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Infants

Our infant vision examinations start in early infancy and continuing through the school years. Although young children may not be able to read an eye chart, specialized procedures have been developed that allow us to measure the clarity of sight of children at almost any age.

"The American Optometric Association guidelines recommend that all children have a complete vision and eye health examination at the age of 6 months, 3 years, upon entering kindergarten, and routine vision care (every 2                                                                             years) thereafter throughout their school years."(http://www.aoa.org)

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Eye Examinations for Infants, Toddlers and School-aged Children

A comprehensive eye examination will assess visual acuity, refractive status, ocular health, eye tracking, eye focusing, and eye teaming. Visual acuity measures how clearly a child sees objects. Refractive status measures for nearsightedness (myopia), farsightedness (hyperopia), and astigmatism. The child is evaluated for any eye health problems, including active pathology or congenital anomalies. Eye tracking is the ability of the eyes to fixate, smoothly follow and look between objects or printed words. Eye focusing is the ability to efficiently change and sustain focus while reading. Eye teaming is the ability to coordinate both eyes accurately and without fatigue or excessive effort. Accurate eye teaming is also important for accurate two-eyed depth perception or stereopsis. Early detection and management is recommended to prevent vision loss or eye disease and to provide appropriate vision development. To learn more about how the examination process differs for infant, preschool, and school-aged children visit the links.

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Children's Vision

Did you know that correctable visual impairment is the most common treatable chronic condition of childhood? It is never too early to have your child's eyes professionally examined, especially if you suspect a vision, learning or coordination problem. However, kids must have an eye exam before starting kindergarten.

By age six, certain physiological processes such as the brain's ability to process visual information accurately and efficiently are set for life. It is therefore critical to determine or uncover any eye muscle or focusing problem before this age, although it is never too late to take action.

A pediatric examination rules out pathology, evaluates for turned or misaligned eyes and assesses the need for eyeglasses or vision therapy.


Learning

Good vision is critical to learning, because more than 80 percent of learning is done visually. Yet studies indicate that more than 20 percent of kindergarten children have vision problems, and this number climbs to between 30 and 40 percent by the time these children reach high school graduation. Vision problems may keep many children from graduating from high school, as more than 70 percent of juvenile delinquents and 60 percent of adults in literacy programs have vision problems. (Section on learning courtesy of the Eye Care Council).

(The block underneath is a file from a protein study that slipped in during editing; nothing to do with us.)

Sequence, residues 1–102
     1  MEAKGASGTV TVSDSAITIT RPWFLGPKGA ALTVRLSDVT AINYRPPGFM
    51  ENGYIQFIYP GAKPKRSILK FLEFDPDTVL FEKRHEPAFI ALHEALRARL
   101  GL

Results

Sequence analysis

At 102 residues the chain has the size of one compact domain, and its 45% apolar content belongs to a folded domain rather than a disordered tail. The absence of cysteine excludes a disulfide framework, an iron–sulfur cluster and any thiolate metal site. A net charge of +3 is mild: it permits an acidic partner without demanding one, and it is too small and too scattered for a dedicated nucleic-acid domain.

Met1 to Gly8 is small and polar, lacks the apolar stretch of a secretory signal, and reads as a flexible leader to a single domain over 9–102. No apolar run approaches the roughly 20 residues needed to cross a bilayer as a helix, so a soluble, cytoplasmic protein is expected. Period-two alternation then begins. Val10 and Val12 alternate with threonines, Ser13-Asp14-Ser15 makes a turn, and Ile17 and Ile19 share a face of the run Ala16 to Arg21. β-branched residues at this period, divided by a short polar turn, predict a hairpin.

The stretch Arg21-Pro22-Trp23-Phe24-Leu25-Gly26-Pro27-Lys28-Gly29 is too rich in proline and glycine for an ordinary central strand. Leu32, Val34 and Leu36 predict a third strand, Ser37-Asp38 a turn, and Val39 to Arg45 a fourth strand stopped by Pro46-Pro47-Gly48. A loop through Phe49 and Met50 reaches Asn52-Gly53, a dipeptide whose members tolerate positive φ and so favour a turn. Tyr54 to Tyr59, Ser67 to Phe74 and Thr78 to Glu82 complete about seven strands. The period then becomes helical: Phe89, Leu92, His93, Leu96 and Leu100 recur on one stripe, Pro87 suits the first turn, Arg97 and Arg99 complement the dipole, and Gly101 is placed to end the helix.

Good vision is critical to learning, because more than 80 percent of learning is done visually. Yet studies indicate that more than 20 percent of kindergarten children have vision problems, and this number climbs to between 30 and 40 percent by the time these children reach high school graduation. Vision problems may keep many children from graduating from high school, as more than 70 percent of juvenile delinquents and 60 percent of adults in literacy programs have vision problems. (Section on learning courtesy of the Eye Care Council).

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What Is Special about Children's Vision?

Vision in the broadest sense, is the global ability of the brain to extract, process and act on information presented to the eye. This complex process can be thought of as three major but related areas: visual acuity, which is largely dependent upon refractive status and eye health; visual efficiency skills, representing eye focusing, teaming, and tracking skills; and visual information processing, representing the ability to recognize and discriminate visual stimuli and to interpret them correctly based upon previous experience. Every examination, we provide for children, regardless of the childs age, has these thoughts in mind.

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Hand - Eye Coordination

As part of the visual examination we also assess vision development. Young children use vision to explore the world by identifying and directing movement. If a problem in vision is preventing adequate development of perception and eye-hand coordination skills then early intervention is vital.

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CONTACT INFORMATION

Arena Eyeworks

3750 Sports Arena Blvd, Suite 9
San Diego, CA 92110

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619-224-2879

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